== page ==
“There are a lot of ob­vi­ous out­lets for some­thing like this,” Slater says, cau­tiously. The sud­den emer­gence of the WSL as an owner in­di­cates that the first ap­pli­ca­tion for the pools will be for world-class surfers; the press re­lease an­nounc­ing the deal men­tions “a global net­work of Wsl-branded high-per­for­mance train­ing cen­ters.” But KSWC’S web­site also now wel­comes “de­vel­oper in­quiries” un­der a com­puter- gen­er­ated im­age of a beau­ti­ful cir­cu­lar wave pool flow­ing around an is­land shaded by palm trees.

“I be­lieve my job is to cre­ate and re­fine and evolve the tech­nol­ogy,” Slater says. “For me, self­ishly, it’s all about high per­for­mance, and it’s fun. How you pack­age that into a busi­ness, well, I think there are a lot of ways you can think of off the top of your head.”

Slater's ob­ses­sion with wave pools goes all the way back to child­hood, when he used to try to body surf on the ar­ti­fi­cial wave at Wet n’ Wild, a wa­ter park not far from his home­town of Co­coa Beach, Fla. At 14, he and his brother Sean—then emerg­ing phe­noms of Amer­i­can surf­ing—flew to Texas to demon­strate surf­ing on an ar­ti­fi­cial wave so small they could barely ride it. (They did, how­ever, col­lect $70 in small bills other pa­trons had lost in the churn.) When he was 16, Slater won a pro­fes­sional con­test at an­other in­land wa­ter park and got his first Surfer cover in the process. In each case, the wave was es­sen­tially pro­duced by brute force—some­thing pushed a wall of wa­ter from the back of a pool to the front. “It was a nov­elty, that there’s al­ways a wave right then,” Slater re­calls. “But the qual­ity and power was pretty min­i­mal.”

Slater didn’t nec­es­sar­ily want to be the per­son to fix this prob­lem, but he hoped some­one would do it. “I just thought, How cool would it be?” he says. “Peo­ple have tried for a long time to have a truly highper­for­mance wave that’s con­trol­lable.”

Recre­ational man-made waves have been around since the 1970s. If you’ve been on a cruise ship, you may have seen a Flowrider, on which a rider on a spe­cial board at­tempts to surf in place while wa­ter rushes past. But the quest to de­velop an au­then­tic sim­u­lacrum of what

pros ride at the world’s top breaks has proven elu­sive. Ev­ery so of­ten, a con­cept emerges, then washes out.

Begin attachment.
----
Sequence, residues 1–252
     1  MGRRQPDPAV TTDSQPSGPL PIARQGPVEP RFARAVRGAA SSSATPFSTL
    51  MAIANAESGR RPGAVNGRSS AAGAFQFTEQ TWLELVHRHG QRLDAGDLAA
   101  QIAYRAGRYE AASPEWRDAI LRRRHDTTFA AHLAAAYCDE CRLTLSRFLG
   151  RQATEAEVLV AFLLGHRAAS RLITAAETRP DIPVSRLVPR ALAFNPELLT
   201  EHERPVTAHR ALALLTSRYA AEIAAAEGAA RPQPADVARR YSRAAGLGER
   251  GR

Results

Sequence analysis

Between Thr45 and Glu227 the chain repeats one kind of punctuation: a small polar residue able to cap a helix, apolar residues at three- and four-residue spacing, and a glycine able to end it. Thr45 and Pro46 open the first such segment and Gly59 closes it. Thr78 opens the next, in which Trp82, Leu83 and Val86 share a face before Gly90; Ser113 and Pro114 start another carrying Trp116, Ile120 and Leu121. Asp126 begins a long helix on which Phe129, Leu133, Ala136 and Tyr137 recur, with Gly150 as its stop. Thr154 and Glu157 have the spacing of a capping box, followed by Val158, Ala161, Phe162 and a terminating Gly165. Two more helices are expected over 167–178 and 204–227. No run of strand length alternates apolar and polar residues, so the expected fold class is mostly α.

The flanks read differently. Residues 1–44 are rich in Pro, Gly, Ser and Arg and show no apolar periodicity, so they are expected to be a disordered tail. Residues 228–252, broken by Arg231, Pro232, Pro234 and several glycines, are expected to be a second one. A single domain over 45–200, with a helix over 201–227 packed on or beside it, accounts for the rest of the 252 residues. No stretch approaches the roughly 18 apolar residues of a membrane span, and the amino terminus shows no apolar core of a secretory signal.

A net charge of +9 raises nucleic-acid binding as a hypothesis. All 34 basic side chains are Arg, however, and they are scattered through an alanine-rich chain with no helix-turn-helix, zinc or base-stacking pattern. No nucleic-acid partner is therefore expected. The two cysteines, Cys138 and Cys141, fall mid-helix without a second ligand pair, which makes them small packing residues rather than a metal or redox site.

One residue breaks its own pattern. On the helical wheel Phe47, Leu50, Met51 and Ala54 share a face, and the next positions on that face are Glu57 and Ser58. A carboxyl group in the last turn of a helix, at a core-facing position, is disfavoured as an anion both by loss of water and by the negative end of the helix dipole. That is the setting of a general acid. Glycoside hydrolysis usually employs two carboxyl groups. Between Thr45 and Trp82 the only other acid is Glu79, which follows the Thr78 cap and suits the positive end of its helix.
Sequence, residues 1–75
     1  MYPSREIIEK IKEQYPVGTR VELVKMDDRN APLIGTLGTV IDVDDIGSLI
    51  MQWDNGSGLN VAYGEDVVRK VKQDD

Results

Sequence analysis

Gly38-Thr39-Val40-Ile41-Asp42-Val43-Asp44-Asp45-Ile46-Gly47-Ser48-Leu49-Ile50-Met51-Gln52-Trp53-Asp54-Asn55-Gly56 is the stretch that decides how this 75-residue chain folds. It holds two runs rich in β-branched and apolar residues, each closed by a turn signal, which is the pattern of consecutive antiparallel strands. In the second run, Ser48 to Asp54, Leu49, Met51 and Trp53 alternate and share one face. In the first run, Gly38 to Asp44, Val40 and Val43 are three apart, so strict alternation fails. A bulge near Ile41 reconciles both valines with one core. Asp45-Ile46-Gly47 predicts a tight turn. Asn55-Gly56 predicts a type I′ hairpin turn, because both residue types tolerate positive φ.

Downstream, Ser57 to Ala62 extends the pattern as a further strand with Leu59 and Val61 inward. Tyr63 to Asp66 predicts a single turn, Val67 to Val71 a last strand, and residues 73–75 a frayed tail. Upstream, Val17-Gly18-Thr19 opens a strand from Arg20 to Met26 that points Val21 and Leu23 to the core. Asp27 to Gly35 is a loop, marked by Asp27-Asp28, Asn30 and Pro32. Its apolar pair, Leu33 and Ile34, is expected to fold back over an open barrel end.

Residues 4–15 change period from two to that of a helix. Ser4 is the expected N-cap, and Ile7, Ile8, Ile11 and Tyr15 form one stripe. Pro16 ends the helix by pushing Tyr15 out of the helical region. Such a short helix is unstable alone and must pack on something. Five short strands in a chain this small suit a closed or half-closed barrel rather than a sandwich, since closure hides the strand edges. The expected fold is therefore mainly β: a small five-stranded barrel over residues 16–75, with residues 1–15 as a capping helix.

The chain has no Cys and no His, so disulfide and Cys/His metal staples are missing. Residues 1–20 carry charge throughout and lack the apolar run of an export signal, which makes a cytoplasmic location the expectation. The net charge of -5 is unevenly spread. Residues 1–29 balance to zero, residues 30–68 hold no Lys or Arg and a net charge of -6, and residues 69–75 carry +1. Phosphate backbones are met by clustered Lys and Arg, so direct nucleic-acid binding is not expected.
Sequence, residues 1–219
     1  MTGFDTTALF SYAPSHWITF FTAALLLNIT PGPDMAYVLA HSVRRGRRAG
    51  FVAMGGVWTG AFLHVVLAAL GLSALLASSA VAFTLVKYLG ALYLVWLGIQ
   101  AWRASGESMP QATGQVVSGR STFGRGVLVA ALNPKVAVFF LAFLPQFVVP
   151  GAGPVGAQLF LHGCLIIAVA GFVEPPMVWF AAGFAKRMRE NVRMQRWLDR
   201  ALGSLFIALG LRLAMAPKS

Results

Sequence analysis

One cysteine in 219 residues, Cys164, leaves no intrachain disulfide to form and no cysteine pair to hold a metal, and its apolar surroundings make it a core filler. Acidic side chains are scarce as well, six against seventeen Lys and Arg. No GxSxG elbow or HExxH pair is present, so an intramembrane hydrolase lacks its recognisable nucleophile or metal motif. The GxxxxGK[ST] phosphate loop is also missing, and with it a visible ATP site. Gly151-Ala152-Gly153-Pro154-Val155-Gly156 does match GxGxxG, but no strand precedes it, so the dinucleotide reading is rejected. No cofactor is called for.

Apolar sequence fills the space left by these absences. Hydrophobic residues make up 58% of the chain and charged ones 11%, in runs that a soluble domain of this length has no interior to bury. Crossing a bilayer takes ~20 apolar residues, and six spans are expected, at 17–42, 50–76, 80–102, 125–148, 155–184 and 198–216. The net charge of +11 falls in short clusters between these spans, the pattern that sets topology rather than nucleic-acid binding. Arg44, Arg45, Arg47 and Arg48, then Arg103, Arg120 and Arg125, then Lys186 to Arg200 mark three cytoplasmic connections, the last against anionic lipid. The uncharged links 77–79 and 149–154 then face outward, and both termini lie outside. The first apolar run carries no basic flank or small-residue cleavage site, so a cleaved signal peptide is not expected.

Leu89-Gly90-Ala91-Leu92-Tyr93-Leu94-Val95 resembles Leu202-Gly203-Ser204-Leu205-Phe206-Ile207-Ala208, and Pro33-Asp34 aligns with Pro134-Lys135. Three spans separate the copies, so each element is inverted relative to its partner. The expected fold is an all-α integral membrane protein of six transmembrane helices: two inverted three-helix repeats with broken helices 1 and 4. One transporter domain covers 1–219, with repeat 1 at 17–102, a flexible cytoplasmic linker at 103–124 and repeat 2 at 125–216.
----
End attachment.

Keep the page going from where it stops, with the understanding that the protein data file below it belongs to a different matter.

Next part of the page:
In 2004, Slater’s old surf coach and board shaper called to say that he’d seen a con­cept from a guy named Greg Roberts that looked promis­ing. Slater talked to Hardy, and they de­cided to li­cense the tech­nol­ogy, only to de­cide two years later that it wasn’t quite right. Then Bob Mcknight, co-founder of surf com­pany Quik­sil­ver, Slater’s long­time spon­sor, rec­om­mended that Slater talk to the wave sci­ence guys at Mcknight’s alma mater, the Uni­ver­sity of South­ern Cal­i­for­nia. Slater was pointed to Adam Fin­cham, a re­search pro­fes­sor in the De­part­ment of Aero­space and Me­chan­i­cal En­gi­neer­ing with a spe­cialty in fluid me­chan­ics.

Fin­cham is orig­i­nally from Ja­maica and had spent much of his ca­reer work­ing in Europe, so he says he “hon­estly had no idea” who Slater was when he came to visit him at his USC lab in 2006. Fin­cham knew a lot about waves, though, hav­ing spent years on a Euro­pean Union pro­gram called Hy­dro­lab, which ex­posed him to nu­mer­ous large hy­draulic fa­cil­i­ties.

Fin­cham says he thought, “Who’s this surfer dude with this crazy idea? Very quickly, I re­al­ized he was se­ri­ous. He was very ar­tic­u­late and de­scribed quite pre­cisely what he wanted to do.” Specif­i­cally, Slater wanted a high- per­for­mance bar­rel­ing wave, one that would curl end­lessly. “It was very clear that he didn’t just want a wave—he wanted his wave,” Fin­cham re­calls. “It had to bar­rel; it had to have power; it had to have du­ra­tion; and it had to be shaped in such a way that you could ma­neu­ver.”